More than 20 years after the first documented usage of the term “cloud computing,” the first cracks appeared in the spending patterns of big data center build-out by public cloud companies.
(Bloomberg) -- Sign up here to receive the Davos Diary, a special daily newsletter that will run from Jan. 20-24.SAP SE’s co-chief executive officer said companies will continue to face activism not only from shareholders, but increasingly from employees and consumers.“This will continue to be something that CEOs will have to understand and balance across the different stakeholders,” Jennifer Morgan said in an interview with Bloomberg News’s Stephanie Flanders on Tuesday at Davos.The Walldorf, Germany-based company attracted the interest of activists at Elliott Management Corp., which revealed a 1.2 billion-euro ($1.3 billion) stake when SAP announced a change in strategy in April.Read More: SAP’s an Old Company With New TricksActivists have been broadening their scope of engagement with companies. Protesters have been pressing BlackRock Inc. to divest from fossil fuel companies and others that contribute to climate change, while employees at Google have protested over the conduct of executives.Morgan -- who became co-CEO in October alongside Christian Klein and is the first female chief executive of a DAX-listed company said -- said user experience is set to be the new battleground.“If a company is not competing on experience its a race to the bottom”, she said. “When you’re in a consumer-led economy like the United States, for example, the disruption that we see happening for traditional industries is happening in the experience gap”.Morgan used fitness company Peloton Interactive Inc. as a good example of tapping into someone else’s experience “gap” saying they provide not just a better service but a real experience that people will pay more for.To contact the reporter on this story: Sarah Syed in London at firstname.lastname@example.orgTo contact the editor responsible for this story: Giles Turner at email@example.comFor more articles like this, please visit us at bloomberg.comSubscribe now to stay ahead with the most trusted business news source.©2020 Bloomberg L.P.
The United States and France have agreed that neither country will impose punitive tariffs until the end of 2020. Macron called Trump on Sunday to find common ground on the issue of taxing tech giants like Alphabet Inc.'s (NASDAQ: GOOG)(NASDAQ: GOOGL) Google. “The two leaders agreed it is important to complete successful negotiations on the digital services tax, and they also discussed other bilateral issues,” a White House spokesperson said in a written statement.
Futures fell as Asia markets sold off Tuesday: Earnings season is the next test for the hot stock market rally. Netflix and Texas Instruments earnings are due Tuesday night.
CRM stock has lagged software group peers as investors digest a number of big industry acquisitions, such as Tableau. Could digital transformation growth drive a Salesforce stock rally?
Three S&P; 500 stocks joined in the trillion-dollar club: Microsoft, Apple and now Alphabet. Analysts think they know which stock will be next.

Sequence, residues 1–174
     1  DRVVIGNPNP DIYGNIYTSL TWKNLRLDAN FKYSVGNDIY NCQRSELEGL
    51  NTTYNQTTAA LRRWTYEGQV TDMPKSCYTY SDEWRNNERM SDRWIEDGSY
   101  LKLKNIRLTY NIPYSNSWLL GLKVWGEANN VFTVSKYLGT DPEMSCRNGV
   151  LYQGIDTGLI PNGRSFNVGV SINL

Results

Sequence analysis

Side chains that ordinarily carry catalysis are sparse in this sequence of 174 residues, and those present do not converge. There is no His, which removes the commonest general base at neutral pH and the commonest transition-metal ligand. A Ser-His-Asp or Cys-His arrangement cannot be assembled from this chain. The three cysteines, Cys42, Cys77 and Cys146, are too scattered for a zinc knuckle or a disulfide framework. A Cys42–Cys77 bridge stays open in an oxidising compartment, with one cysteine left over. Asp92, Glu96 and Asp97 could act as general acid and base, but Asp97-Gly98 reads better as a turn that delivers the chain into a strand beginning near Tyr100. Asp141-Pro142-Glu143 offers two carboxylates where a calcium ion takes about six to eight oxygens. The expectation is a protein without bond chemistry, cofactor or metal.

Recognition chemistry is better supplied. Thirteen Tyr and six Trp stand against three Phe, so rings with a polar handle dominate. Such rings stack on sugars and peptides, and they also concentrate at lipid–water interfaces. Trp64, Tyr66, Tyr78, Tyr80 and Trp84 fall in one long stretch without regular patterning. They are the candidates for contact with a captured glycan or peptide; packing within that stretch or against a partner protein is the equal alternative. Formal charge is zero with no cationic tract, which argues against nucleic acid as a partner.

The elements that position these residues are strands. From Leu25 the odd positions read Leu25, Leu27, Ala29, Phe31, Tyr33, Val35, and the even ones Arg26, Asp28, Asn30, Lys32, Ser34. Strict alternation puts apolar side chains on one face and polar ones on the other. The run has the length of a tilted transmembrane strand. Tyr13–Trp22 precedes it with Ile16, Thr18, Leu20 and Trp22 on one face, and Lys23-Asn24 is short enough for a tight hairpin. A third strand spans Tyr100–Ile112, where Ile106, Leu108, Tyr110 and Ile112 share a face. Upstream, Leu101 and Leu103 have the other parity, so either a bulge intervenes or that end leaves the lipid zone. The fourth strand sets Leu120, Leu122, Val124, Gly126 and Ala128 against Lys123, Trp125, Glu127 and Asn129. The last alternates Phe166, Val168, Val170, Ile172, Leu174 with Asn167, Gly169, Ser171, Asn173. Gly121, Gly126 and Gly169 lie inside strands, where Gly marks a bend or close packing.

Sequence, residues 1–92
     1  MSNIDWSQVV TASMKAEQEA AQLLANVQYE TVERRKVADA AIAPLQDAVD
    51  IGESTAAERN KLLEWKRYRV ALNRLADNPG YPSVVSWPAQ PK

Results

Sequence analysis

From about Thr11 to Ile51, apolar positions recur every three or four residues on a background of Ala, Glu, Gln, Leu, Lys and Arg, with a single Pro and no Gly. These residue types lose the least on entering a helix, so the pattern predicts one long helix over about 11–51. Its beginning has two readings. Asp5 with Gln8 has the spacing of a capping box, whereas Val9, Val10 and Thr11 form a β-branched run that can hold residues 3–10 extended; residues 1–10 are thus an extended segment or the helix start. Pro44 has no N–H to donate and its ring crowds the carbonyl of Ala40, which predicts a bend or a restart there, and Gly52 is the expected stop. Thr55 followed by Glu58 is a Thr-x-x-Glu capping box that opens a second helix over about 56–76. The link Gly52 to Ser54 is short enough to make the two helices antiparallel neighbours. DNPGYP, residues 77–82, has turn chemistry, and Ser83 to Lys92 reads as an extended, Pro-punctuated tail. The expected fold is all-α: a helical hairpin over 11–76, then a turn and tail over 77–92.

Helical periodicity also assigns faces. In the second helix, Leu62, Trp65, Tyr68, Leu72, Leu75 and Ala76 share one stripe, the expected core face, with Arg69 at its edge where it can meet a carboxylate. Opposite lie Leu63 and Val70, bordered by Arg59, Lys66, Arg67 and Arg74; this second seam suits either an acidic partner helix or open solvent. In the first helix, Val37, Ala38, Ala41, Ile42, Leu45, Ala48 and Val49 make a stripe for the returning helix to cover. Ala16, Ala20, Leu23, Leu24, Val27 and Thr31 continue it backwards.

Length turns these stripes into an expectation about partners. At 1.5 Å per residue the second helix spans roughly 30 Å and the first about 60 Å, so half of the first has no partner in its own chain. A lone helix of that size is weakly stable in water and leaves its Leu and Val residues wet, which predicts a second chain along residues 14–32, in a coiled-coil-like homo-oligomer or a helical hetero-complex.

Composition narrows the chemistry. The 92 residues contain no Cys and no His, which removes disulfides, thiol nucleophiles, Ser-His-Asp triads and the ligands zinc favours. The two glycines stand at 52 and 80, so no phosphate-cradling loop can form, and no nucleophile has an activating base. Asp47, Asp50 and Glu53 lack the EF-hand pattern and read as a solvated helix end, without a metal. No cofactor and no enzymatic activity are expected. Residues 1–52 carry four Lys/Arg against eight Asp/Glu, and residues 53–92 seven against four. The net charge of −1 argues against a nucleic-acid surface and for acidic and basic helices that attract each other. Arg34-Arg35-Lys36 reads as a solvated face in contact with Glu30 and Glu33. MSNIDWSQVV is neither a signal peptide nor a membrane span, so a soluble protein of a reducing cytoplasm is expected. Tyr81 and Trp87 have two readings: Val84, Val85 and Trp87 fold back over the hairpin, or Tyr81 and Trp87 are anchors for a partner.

(Bloomberg Opinion) -- Who said Davos doesn’t make a difference? As world leaders, business executives and cheerleaders for the planet descended on the Swiss resort for the annual World Economic Forum, one diplomatic victory was being chalked up on the sidelines: A presidential truce between Donald Trump and Emmanuel Macron over France’s plan to tax tech companies, which the U.S. says discriminates against its national champions.After threats of retaliatory trade tariffs on both sides, Macron took to Twitter to declare a “great” discussion with Trump that would lead to a “good agreement” on de-escalation. Trump retweeted that assessment, responding in the affirmative with “excellent!” But it’s hard to see much worth celebrating yet.What this truce amounts to isn’t exactly clear, for one thing, and it’s certainly not being trumpeted in the way that Trump’s “beautiful monster” of a phase-one deal with China was last week. Avoiding an escalation of tariffs is obviously a good thing. But Trump has already leveled so many trade threats at France and the European Union — driven by hatred of the trade surpluses they run with the U.S. — that it’s hard to feel excited at the prospect of one less gun barrel. If Trump actually ends up retracting his specific threat to hit $2.4 billion of French products with tariffs, that still doesn’t automatically guarantee protection for Airbus aircraft or German cars.It’s also not clear what Macron has gifted Trump in order to get de-escalation onto the agenda. According to the Wall Street Journal, France may have simply offered to “pause” its tech tax until a worldwide solution is agreed upon by the Organization for Economic Co-operation and Development — where support from the U.S. is obviously crucial. That’s not as huge a climb down as it initially seems: Paris could feasibly suspend the collection of digital tax payments due in April without scrapping the principle or the structure of its tax, as my Bloomberg News colleagues write elsewhere. But it still looks like Trump’s threats have paid off on one level.If the original sin is that today’s tech giants — Google parent Alphabet Inc., Facebook Inc., Amazon.com Inc. — aren’t paying their fair share in tax, we seem to be veering a long way from absolution. Things would be different if Europe could set aside its differences and agree on the fundamental good that a digital tax across its 28 members (soon to be 27) would bring. Brussels estimates global tech firms pay an average tax rate of 9.5%, compared with 23.2% for bricks-and-mortar peers. But the EU is divided on the need to overhaul the data economy, with low-tax jurisdictions like Ireland and the Netherlands resisting a common levy on digital firms.The Trump administration has shown itself adept at exploiting these divisions. France’s move to go it alone with a digital tax was politically popular, but fiscally weak. It is only expected to bring in 500 million euros ($555 million) a year, a digital drop in the ocean of France’s approximately 80 billion-euro deficit. Despite being fundamentally righteous, it allowed Trump to poke the soft underbelly of European unity by training his tariff weapon on Paris — and confronted the Macron administration with the prospect of pain for key exporters. The U.S. trade deficit with France was $16.2 billion in 2018.The pressure is now on to get consensus among more than 135 countries in the OECD-led push for an agreement on how to tax digital profits. It’s a solution favored by the likes of Apple Inc.’s Tim Cook, which speaks to how companies prefer the predictability of global solutions over patchy national ones. But until such a solution is actually agreed, it will be hard to celebrate this latest Franco-American “truce.” It has allowed France and Europe to save face by avoiding the reality of a new trade confrontation with Trump as he fights for re-election. It has offered tech firms a way to save money. But it hasn’t really saved the world from the threat of more trade wars. Davos can’t achieve everything.To contact the author of this story: Lionel Laurent at firstname.lastname@example.orgTo contact the editor responsible for this story: Melissa Pozsgay at email@example.comThis column does not necessarily reflect the opinion of Bloomberg LP and its owners.Lionel Laurent is a Bloomberg Opinion columnist covering Brussels. He previously worked at Reuters and Forbes.For more articles like this, please visit us at bloomberg.com/opinionSubscribe now to stay ahead with the most trusted business news source.©2020 Bloomberg L.P.